I'm getting my mom some vitamin B12 and some vitamin C and quercetin. The quercetin has 100mg of calicum in it with magnesium isit ok for parathyroid diease?
I have been referred to endo for suspected hypo parathyroidism dr done 3 blood tests over 4 months all concluded low cslcium vit d what will happen?
Low calcium ; vit D: You do not want the low calcium to continue as it could cause muscle twitching and possibly seizure. Low vit d has its side effects for bone and possibly for heart. It may well be that you have hypoparathyroidism. Your doc will probably give you vit d and calcium supplements as vit d increases calcium level. Treatment is usu with suppl including synthetic vit d preparations like calcitriol. ...Read more
Is the parathyroid & thyroid related? If my hypo is treated with levo or not, would my parathyroid be affected too? I also have low vit d.
Probably not: The vast majority of people with thyroid disease do not also parathyroid disease. Treatment with l-thyroxine should not affect parathyroid function. It is ok to take both l-thyroxine and vitamin d. ...Read more
For years, calcium & magnesium always normal but vit. D always low (<15) & phosphorus moderately high. Parathyroid OK. Poss causes? On D3 50, 000units
Low Vitamin D:
If you are taking 50000 units of vitamin D once a week and have done so for a while there must be something wrong with you ability to absorb you pill.
This is an uncommon finding and you should have your doctor refer you to a specialist -- kidney or endocrine doctors. ...Read more
Yes: Depends on what the problem is but the most common problem is overproduction of parathyroid hormone due to a growth. There are treatment options. Surgery will typically cure it. Otherwise, a pill can be used to control it if surgery is not an option. You can also inject alcohol into the gland to "ablate" it (not commonly done). ...Read more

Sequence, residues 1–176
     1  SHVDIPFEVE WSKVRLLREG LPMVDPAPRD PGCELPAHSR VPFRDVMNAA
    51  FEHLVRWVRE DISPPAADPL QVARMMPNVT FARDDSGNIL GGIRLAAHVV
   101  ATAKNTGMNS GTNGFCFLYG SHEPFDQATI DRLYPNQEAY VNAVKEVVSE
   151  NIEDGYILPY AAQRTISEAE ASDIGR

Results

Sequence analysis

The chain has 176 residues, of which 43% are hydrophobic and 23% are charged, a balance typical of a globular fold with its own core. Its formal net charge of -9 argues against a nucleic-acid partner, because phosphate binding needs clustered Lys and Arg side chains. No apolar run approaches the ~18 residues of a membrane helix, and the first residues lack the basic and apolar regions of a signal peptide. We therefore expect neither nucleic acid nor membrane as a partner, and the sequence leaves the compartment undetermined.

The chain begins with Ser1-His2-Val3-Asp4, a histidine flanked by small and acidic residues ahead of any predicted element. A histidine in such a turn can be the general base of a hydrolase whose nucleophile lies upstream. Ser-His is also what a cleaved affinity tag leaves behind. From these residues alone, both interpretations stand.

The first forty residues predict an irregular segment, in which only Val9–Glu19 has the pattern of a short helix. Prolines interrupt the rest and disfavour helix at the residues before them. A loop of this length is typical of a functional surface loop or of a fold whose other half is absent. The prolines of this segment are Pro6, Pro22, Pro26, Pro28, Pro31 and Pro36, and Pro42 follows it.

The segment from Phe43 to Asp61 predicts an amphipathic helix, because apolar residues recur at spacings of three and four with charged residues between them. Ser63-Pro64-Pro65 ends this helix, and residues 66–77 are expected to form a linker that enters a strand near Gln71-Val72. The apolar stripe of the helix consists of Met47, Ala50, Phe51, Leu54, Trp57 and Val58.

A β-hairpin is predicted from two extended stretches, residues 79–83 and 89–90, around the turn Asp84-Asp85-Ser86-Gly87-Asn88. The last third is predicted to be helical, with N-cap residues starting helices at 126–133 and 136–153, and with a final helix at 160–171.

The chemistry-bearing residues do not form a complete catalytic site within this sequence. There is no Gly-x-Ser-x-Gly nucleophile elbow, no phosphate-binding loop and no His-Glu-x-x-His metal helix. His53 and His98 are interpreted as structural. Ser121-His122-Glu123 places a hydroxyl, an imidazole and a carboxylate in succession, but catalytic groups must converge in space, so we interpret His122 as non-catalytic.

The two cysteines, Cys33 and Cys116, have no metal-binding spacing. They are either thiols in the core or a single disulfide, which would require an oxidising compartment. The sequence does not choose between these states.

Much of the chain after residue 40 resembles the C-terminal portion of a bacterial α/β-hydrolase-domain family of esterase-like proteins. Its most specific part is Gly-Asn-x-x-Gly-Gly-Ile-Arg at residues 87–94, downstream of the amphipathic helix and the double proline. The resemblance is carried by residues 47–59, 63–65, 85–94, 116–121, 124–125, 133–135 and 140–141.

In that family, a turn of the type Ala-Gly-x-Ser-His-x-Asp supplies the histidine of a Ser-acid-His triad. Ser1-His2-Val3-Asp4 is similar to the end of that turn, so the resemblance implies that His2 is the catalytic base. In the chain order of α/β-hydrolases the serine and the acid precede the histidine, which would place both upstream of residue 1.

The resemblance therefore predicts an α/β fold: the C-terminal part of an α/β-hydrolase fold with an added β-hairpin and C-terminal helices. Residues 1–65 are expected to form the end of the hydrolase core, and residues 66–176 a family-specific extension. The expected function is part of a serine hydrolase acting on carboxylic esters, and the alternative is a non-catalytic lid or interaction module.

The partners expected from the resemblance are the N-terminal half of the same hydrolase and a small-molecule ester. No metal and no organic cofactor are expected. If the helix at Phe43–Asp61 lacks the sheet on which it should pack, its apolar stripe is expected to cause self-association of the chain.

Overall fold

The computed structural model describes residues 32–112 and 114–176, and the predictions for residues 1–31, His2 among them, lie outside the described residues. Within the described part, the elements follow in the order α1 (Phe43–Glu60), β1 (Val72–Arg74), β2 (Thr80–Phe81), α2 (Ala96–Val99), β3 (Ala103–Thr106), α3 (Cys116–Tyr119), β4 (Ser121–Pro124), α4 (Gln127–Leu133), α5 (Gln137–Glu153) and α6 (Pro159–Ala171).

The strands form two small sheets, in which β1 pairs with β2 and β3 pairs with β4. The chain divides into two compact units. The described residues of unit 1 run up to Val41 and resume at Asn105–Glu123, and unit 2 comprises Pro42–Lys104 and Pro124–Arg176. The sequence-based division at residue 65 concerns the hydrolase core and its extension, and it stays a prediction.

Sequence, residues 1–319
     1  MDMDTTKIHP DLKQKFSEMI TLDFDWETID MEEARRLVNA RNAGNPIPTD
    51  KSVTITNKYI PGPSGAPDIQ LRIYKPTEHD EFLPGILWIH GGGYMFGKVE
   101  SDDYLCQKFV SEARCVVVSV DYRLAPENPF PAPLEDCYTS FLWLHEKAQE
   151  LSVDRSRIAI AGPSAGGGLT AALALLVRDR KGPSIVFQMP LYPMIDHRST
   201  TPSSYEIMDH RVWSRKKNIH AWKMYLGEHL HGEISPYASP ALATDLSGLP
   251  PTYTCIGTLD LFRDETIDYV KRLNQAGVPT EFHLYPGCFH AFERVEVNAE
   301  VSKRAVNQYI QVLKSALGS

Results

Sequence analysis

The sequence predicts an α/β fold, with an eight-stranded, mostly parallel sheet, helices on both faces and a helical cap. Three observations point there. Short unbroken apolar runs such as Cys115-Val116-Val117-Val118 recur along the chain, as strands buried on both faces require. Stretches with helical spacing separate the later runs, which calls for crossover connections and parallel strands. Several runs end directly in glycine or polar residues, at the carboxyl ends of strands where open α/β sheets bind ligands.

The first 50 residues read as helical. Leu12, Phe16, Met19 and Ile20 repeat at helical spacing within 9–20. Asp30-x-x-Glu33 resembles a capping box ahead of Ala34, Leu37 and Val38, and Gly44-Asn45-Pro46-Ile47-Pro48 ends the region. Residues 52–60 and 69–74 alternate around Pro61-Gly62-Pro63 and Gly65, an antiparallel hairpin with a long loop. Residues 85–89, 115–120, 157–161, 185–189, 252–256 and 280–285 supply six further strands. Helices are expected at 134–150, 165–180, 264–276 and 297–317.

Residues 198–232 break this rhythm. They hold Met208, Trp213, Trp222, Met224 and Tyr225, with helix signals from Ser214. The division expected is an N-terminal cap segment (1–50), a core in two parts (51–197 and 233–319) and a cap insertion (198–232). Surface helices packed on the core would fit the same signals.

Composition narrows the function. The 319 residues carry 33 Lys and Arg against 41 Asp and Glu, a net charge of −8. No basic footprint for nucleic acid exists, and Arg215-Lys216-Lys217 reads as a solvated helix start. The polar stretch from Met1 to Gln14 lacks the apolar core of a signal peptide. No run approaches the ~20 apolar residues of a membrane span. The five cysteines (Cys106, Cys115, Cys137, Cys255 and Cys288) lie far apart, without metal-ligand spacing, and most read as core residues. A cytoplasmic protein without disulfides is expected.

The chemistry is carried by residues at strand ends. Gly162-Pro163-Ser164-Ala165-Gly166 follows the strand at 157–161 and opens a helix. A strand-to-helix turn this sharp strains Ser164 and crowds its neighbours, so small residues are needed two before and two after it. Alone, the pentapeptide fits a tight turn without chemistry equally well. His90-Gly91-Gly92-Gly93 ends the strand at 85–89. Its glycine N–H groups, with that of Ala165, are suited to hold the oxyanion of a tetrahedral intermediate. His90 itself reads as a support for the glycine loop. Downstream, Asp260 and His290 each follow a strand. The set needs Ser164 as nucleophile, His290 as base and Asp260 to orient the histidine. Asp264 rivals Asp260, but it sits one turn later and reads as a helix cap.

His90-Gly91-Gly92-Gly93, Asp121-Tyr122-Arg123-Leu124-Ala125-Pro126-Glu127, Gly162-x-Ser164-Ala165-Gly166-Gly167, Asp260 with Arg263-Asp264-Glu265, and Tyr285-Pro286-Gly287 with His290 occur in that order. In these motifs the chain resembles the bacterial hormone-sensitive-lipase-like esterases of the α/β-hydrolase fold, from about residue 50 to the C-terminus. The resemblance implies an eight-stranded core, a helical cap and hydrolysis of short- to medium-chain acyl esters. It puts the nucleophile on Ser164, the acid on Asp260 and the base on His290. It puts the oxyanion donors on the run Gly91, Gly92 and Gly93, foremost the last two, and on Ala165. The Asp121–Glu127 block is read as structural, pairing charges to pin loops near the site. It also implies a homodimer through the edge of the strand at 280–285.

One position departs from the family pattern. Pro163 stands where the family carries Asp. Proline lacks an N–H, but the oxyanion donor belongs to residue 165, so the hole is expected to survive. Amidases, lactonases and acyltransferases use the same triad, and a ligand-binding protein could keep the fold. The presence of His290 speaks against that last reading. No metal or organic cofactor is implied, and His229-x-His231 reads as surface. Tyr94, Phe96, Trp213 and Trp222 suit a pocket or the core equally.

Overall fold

Under or over-active:
In what way is it not working properly?
What is your calcium and PTH level and what is your 24 hour urine calcium? ...Read more
You need to clarify: Are you asking what to expect in terms of the recovery period or pain associated with surgery? Or are you asking how you will feel differently after surgery. Unless there is reason to suspect that you have men you should only have one gland removed and then the iopth level will confirm that you are cured. ...Read more
None if 1 is taken.: If an abnormal parathyroid gland is removed there should be no side effects, if one normal gland is removed during thyroid surgery there also should be no side effects. If all 4 normal glands are removed a very low blood calcium will occur causing tingling and cramps and rarely seizures. This can be treated. ...Read more
If your parathyroid levels are normal there should be no numbness. If you have numbness you should see a Neurologist.
You should probably not need more than 1000 or 2000 mg of vitamin D a day ...Read more
Parathyroid Glands: The parathyroid glands are 4 small groups of tissue that sit behind the thyroid gland. They make parathyroid hormone or PTH which is involved in calcium metabolism. Too much PTH causes the calcium level in the blood to go up. An overactive parathyroid gland is often diagnosed when a routine blood test shows a high calcium level. ...Read more
Regulates calcium.: They make parathyroid hormone (PTH), which regulates the body's calcium and phosphate levels. These levels are important for normal nerve and muscle function. PTH tells bone to break down and release calcium into the blood. In the gut, it converts vitamin D to its active form which absorbs more calcium. It also tells kidneys to allow less calcium and phosphate to leave the body through urine. ...Read more
Regulate calcium: The parathyroid glands secrete a hormone that keeps the level of calcium in the blood from falling. It does this by pulling calcium from the bone and by preventing loss of calcium through the kidney. It is also necessary to convert vitamin d into its active form, which in turn increases calcium absorption in the gut. ...Read more
See below: Depends on how it is being done, minimal incision or full neck incision. Depends on if it is for only one parathyroid gland, or if all four glands are being evaluated at surgery. Low risk of nerve damage to the vocal cord, low risk of infection, low risk of bleeding and swelling after surgery. Low risk of not being able to locate the offending gland at surgery requiring another surgery later. ...Read more